Thursday, August 28, 2014
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How McNabb's 'clutchness' stacks up

From Week 11 to Week 17, the Eagles three times came up with victories after being tied or trailing in the fourth quarter.

How McNabb's 'clutchness' stacks up

Donovan McNabb ranked 39th out of 60 in a recent analysis measuring "comeback ability." (Yong Kim/Staff file photo)
Donovan McNabb ranked 39th out of 60 in a recent analysis measuring "comeback ability." (Yong Kim/Staff file photo)

From Week 11 to Week 17, the Eagles three times came up with victories after being tied or trailing in the fourth quarter.

All three instances would qualify as "comebacks" by Nicholas Higgins of Football Outsiders.

Higgins takes an interesting look at the "comeback ability" of quarterbacks over the past decade. He defines a comeback as a situation "where the game is tied or the team is behind 1-8 points in the fourth quarter or overtime."

He also adjusts his rankings for several key factors: starting field position, time remaining, deficit and outcome. Only quarterbacks who have had at least 30 qualifying drives (playoffs included) from 1998-2009 were included.

So the obvious question is: Where did Donovan McNabb rank?

And the answer: 39th.

For the McNabb defenders, you can surely point out that the two guys sandwiching McNabb are (current or future) Hall of Famers Brett Favre, who ranks 38th, and Dan Marino, who ranks 40th.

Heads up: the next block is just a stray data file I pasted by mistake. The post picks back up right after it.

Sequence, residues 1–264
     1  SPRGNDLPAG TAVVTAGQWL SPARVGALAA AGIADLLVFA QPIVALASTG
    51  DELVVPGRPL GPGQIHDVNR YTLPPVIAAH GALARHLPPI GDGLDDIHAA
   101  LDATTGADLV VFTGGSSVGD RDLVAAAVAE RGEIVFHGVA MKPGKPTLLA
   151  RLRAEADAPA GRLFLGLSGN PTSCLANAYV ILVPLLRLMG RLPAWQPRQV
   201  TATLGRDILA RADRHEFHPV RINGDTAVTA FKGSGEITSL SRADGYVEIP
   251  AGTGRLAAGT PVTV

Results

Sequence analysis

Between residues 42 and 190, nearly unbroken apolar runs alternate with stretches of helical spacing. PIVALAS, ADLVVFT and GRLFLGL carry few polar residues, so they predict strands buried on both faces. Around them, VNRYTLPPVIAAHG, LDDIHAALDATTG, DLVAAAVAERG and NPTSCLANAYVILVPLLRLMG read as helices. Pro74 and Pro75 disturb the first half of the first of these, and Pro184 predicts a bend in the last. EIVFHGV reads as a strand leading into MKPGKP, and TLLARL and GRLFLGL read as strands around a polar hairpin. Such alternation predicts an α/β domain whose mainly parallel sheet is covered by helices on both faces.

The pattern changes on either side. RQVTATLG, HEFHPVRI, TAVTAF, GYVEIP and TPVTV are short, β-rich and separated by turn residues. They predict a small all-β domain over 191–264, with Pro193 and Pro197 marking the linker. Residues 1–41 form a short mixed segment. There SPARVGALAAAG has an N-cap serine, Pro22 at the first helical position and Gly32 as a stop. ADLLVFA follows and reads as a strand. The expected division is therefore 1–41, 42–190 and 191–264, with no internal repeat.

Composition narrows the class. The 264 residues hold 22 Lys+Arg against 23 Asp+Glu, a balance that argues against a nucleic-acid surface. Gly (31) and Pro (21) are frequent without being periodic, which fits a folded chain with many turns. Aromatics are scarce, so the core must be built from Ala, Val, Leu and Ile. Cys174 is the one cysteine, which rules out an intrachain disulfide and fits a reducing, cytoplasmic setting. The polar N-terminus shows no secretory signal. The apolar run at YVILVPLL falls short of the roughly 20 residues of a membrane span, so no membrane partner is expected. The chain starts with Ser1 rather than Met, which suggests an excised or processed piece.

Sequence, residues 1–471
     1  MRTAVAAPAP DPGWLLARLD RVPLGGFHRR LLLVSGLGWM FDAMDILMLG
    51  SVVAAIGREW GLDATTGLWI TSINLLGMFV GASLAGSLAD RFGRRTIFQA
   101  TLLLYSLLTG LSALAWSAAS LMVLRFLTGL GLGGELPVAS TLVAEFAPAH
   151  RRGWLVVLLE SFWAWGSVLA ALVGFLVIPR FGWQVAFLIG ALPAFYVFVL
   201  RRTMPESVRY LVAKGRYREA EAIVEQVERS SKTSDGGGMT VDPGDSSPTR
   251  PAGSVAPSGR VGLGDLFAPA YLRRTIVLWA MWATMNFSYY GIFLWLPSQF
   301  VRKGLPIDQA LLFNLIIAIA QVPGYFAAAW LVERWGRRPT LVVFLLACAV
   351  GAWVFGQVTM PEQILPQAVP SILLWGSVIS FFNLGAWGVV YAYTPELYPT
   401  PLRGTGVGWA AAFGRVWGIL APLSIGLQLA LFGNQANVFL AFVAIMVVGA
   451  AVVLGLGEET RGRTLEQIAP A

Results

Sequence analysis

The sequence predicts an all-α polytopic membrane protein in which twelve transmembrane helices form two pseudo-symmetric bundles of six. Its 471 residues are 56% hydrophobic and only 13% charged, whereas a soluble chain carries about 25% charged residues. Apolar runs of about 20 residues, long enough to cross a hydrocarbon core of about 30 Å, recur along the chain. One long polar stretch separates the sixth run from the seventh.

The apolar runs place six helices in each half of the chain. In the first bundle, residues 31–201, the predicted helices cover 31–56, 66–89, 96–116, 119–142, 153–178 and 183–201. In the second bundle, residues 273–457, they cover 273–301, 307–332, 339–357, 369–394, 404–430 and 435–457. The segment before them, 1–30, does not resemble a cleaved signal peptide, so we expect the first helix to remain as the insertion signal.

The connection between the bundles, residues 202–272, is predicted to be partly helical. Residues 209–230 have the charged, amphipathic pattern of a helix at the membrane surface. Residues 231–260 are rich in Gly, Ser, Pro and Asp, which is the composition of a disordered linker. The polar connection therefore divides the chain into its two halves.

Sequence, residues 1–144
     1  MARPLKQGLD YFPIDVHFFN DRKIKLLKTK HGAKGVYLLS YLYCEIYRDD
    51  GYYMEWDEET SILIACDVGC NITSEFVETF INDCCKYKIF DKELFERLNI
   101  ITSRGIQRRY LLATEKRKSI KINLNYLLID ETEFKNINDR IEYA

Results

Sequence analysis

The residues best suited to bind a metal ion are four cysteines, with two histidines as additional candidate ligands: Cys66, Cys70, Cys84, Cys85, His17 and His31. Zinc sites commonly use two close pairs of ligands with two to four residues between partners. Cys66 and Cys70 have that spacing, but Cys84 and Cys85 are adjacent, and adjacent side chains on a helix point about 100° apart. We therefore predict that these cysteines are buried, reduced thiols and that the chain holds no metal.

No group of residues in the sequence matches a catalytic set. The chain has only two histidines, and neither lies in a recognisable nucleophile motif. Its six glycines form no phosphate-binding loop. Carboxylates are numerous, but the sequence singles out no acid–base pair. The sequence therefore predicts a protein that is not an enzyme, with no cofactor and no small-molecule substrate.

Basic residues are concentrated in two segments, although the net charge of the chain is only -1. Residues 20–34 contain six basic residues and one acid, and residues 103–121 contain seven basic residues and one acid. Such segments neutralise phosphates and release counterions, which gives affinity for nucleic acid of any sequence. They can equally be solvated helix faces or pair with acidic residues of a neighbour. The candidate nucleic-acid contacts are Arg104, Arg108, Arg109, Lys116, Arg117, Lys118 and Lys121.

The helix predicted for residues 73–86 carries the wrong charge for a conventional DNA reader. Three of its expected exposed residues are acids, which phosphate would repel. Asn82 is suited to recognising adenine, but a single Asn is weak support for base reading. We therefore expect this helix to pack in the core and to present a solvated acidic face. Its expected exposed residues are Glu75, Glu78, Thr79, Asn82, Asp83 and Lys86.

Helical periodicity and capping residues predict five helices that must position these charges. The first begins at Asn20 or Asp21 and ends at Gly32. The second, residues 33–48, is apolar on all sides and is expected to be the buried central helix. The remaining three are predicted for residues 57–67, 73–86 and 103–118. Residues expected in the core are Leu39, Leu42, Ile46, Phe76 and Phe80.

But for the critics, who often point out that McNabb isn't clutch, well, there's plenty of support in this study for you.

Per Higgins' numbers, McNabb has had 129 opportunities to bring the Eagles back and has come through 38 times for a percentage of 29.5. His Adjusted Comeback Efficiency (ACE), which takes into account the factors I mentioned above is 0.94. The league average is exactly 1.00.

The analysis also took into account quarterback rating and how a QB performed overall, as compared to how he performed in these comeback situations. For example, McNabb's 86.5 overall QB rating from 1998-2009 ranks 15th. But he was 39th in terms of comeback efficiency, a drop-off of 24 spots.

The only two players who experienced a worse drop-off were Steve Beurlein (32 spots) and Jason Campbell (28 spots). Per the analysis, McNabb had the highest overall QB rating of the 30 worst players in terms of comeback efficiency.

Some other notes from the analysis:

* Guess who ranked first in terms of ACE? Eli Manning. He's had 66 opportunities and brought the Giants back 28 times, 42.4 percent. He had the second-biggest jump in terms of overall QB rating vs. ACE, leaping 31 spots. Jake Plummer had the biggest jump, up 37 spots.

* Of the top five ACE quarterbacks, three have Super Bowl rings: Manning, Ben Roethlisberger and Peyton Manning. Philip Rivers and Aaron Rodgers are the other two.

Tony Romo is ninth on the list. Tom Brady 14th. And Kurt Warner 27th. Higgins points out that Brady had a disastrous 2009, coming through on just one of 10 comeback opportunities.

* Higgins provides many more details and an explanation of what all the numbers mean. Definitely worth a read.

Sheil Kapadia Philly.com
About this blog
Sheil Kapadia is in his fifth season writing about the Eagles and the NFL for philly.com. His earliest memories as a sports fan include several trips to Veterans Stadium with his Dad. He's not a beat writer or an Insider, but is here to discuss the NFL 365 days a year. E-mail him at skapadia@philly.com or by clicking here

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Sheil Kapadia Philly.com
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